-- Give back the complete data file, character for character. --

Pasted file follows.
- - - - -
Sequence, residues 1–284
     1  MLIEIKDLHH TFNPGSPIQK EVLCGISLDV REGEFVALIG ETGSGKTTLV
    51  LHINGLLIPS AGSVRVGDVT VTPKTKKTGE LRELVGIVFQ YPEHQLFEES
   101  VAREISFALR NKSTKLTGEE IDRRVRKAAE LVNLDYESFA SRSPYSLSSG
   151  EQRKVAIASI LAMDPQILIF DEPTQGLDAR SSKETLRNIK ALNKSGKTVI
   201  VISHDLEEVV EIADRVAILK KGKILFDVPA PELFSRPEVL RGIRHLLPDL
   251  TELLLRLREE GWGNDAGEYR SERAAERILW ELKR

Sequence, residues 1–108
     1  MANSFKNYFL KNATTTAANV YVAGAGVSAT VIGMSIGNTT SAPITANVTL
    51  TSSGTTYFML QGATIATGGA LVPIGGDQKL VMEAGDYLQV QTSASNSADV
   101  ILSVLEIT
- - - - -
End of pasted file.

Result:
Sequence, residues 1–284
     1  MLIEIKDLHH TFNPGSPIQK EVLCGISLDV REGEFVALIG ETGSGKTTLV
    51  LHINGLLIPS AGSVRVGDVT VTPKTKKTGE LRELVGIVFQ YPEHQLFEES
   101  VAREISFALR NKSTKLTGEE IDRRVRKAAE LVNLDYESFA SRSPYSLSSG
   151  EQRKVAIASI LAMDPQILIF DEPTQGLDAR SSKETLRNIK ALNKSGKTVI
   201  VISHDLEEVV EIADRVAILK KGKILFDVPA PELFSRPEVL RGIRHLLPDL
   251  TELLLRLREE GWGNDAGEYR SERAAERILW ELKR

Sequence, residues 1–108
     1  MANSFKNYFL KNATTTAANV YVAGAGVSAT VIGMSIGNTT SAPITANVTL
    51  TSSGTTYFML QGATIATGGA LVPIGGDQKL VMEAGDYLQV QTSASNSADV
   101  ILSVLEIT